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Arkansas Democrat-Gazette

While “ramble” suggests an aimless excursion, the annual rambles planned by Preserve Arkansas are fun but organized outings with historic destinations.

On Nov. 2, the nonprofit formerly known as the Historic Preservation Alliance took a busload of ramblers south-and-west to Camden. The fall trip was billed as “Camden in Two Centuries: Life on the Ouachita.”

The organization — formed in 1981 as a group of like-minded folks interested in saving and preserving historic Arkansas structures — has been hosting rambles since the 1980s.

This ramble began at 7:30 a.m. on a chartered bus leaving North Little Rock. Group bus rides conjure memories of school field trips to dusty old museums, but these trips are a little different — as much a social event as a history lesson. As the bus hummed toward the first stop two hours away, guests were offered mimosas and bloody Marys.

Rachel Patton, executive director of Preserve Arkansas, and several volunteers made their way down the aisle several times during the day-long trip offering snacks, sodas, wine and beer. The beer was from one of the trip sponsors, Stone’s Throw Brewery, and owner Ian Beard was on board, personally filling each cup.

First stop was Tate’s Bluff, an unincorporated community settled in the early 19th century at the confluence of the Ouachita and Little Missouri rivers.

The first historic site was the oldest existing house in Ouachita County — a two-story log structure built in 1829 by John Henderson Tate, nephew of Capt. Richard Tate, who founded the community. Here the history buffs learned about significant dates in the history of Tate’s Bluff — from the Caddo Indians who once lived there to today’s efforts to preserve the cabin.

Members of the Ouachita County Historical Society and experts on the Civil War and local history and culture were on hand throughout the day to share their knowledge on what their ramblers were seeing. After peering in windows and doorways and listening to the history of the home, the tour moved on — not far down the road to a man-made, earthen structure — the Tate’s Bluff Fortification built on high ground above the river.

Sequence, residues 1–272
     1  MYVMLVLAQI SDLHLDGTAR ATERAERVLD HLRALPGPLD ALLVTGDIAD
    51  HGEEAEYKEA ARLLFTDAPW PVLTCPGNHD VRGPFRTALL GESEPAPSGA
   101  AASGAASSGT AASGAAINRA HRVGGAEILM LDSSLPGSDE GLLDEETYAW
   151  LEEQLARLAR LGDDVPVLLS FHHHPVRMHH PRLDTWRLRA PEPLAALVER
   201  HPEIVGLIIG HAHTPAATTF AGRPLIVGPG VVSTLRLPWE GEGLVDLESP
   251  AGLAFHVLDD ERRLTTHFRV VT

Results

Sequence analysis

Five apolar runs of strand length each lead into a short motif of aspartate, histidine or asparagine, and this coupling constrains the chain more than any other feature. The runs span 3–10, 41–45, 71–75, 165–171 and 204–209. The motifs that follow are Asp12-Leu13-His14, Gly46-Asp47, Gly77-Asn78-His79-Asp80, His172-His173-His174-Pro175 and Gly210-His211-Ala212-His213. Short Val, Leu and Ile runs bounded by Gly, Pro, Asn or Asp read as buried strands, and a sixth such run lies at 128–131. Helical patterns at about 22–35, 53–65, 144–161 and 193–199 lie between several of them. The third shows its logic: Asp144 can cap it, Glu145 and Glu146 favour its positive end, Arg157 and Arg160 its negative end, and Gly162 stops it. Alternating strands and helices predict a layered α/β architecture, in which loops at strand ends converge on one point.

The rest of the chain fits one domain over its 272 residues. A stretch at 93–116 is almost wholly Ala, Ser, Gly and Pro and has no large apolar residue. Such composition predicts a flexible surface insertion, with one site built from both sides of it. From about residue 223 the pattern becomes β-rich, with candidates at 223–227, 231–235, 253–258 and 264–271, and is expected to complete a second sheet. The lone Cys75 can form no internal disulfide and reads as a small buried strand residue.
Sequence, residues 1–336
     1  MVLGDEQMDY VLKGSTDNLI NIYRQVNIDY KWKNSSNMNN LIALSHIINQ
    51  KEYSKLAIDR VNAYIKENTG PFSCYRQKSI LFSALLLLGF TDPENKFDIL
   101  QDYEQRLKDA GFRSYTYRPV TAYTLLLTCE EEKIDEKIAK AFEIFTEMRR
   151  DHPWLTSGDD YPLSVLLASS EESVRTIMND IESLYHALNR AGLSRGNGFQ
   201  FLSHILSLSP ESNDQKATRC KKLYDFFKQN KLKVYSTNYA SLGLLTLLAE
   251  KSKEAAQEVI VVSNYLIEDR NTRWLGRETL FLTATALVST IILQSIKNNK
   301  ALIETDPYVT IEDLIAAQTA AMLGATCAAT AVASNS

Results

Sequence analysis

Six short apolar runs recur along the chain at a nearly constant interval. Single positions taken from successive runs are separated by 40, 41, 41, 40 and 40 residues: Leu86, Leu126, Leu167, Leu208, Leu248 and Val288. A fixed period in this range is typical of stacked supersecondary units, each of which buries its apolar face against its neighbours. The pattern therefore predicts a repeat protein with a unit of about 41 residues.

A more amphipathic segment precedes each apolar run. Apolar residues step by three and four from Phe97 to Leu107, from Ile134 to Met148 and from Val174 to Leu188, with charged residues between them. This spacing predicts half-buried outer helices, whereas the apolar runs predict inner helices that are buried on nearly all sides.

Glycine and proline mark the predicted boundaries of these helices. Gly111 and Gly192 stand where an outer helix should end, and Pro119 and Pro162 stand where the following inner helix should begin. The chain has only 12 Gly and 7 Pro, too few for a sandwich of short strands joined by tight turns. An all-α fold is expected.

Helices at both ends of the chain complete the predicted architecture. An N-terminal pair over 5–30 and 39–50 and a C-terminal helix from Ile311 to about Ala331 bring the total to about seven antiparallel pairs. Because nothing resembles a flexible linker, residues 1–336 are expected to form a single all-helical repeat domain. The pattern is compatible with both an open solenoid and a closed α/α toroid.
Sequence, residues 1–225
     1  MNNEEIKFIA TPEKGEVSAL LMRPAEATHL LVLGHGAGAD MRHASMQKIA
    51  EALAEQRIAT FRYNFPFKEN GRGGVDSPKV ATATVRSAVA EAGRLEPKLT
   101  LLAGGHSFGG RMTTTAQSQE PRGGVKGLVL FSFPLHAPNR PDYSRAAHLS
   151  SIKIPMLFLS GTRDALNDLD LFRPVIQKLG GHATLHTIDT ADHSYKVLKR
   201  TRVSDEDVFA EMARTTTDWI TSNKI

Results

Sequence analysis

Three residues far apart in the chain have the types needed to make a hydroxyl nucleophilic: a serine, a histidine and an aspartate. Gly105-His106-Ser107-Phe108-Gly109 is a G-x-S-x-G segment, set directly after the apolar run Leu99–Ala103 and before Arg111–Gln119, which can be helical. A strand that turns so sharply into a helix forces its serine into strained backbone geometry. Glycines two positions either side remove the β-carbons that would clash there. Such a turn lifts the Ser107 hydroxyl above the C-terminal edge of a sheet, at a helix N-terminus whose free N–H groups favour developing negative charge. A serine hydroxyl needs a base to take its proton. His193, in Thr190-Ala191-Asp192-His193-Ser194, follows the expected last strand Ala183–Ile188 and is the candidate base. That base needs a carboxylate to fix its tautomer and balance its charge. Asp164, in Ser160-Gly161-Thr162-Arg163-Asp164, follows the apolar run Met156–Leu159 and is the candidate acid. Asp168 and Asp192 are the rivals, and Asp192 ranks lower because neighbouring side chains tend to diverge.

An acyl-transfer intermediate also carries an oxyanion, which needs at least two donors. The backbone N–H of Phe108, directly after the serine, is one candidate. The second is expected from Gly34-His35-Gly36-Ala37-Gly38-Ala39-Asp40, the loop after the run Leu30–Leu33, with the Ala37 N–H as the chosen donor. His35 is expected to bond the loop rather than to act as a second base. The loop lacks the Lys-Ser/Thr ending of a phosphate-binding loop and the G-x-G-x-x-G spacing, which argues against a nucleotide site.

Its dirt walls formed a square fort with ramparts in each corner to hold cannons. It was built by Confederates defending Camden during the Civil War but never saw battle.

At the next stop, chilly winds blew off the Ouachita River as the travelers disembarked from the bus under a highway overpass. Waiting there atop a trailer was the Aux Arc, a keelboat much like the ones explorers and trappers used on the river during early expeditions. It was built by the Early Arkansaw Reenactors Association, and members were there in costume to talk about the boat and the trips they’d taken on the river.

The last stop of the morning, and probably the most sobering, was at Poison Springs Battlefield State Park, which commemorates a Civil War engagement in 1864 — an ambush of Union soldiers by Confederate troops. This is the place where members of the First Kansas Colored Infantry were killed by Confederates after the battle as they were trying to surrender.

The travelers gathered under a pavilion that houses an interpretive exhibit to hear about what led up to the Poison Springs event, the cash of arms and its aftermath.

Lunch was at the old Camden Post Office, built in 1896 and used as a post office until 1963. The building, now Postmaster’s Grill, was restored using the Federal Historic Tax Credit and features much of its original woodwork. Guests toured the building after lunch.

The rest of the tour was also in the city of Camden and included stops at the Ouachita County Historical Society where the ramblers toured the 1847 McCollum-Chidester House and learned about the area’s historic Camark pottery in the 1850 Leake-Ingham Building.

A guided tour of the Graham-Gaughan-Betts House, built about 1856, ended with a beer tasting on the patio of the old home with samples from the new Native Dog Brewing. While the home was beautiful and filled with antiques, what tickled many of the guests was an old candlestick telephone that still conveys a dial tone.

From there, guests rambled to Oakland Cemetery, where many early Camden settlers are buried. During a walk through the burial grounds, Ouachita County Historical Society members portrayed early citizens and shared their stories.

As the sun was setting, guests exited the bus for the final historic stop, a beautiful, Greek Revival, two-story home — the Elliott-Meek-Nunnally Home. Violin music played by a local musician floated down from the top of the stairs as guests enjoyed a Southern-style dinner of catfish and sides catered by Woods Place.

Some of the travelers were already looking forward to another Ramble. Layne Baker of Alexander, who recently took part in a Preserve Arkansas tour of midcentury modern houses at Jonesboro, says, “I can’t wait to go again next year, although I’m not sure where they’re going to go.”

Jill Judy agrees, saying, “No matter where they go, they’re going to highlight some aspect of the culture and the history of Arkansas that I absolutely would never have found out about otherwise. It doesn’t matter where you go because Preserve Arkansas will find obscure aspects of the local history.”

To find out more about Preserve Arkansas and future programs visit

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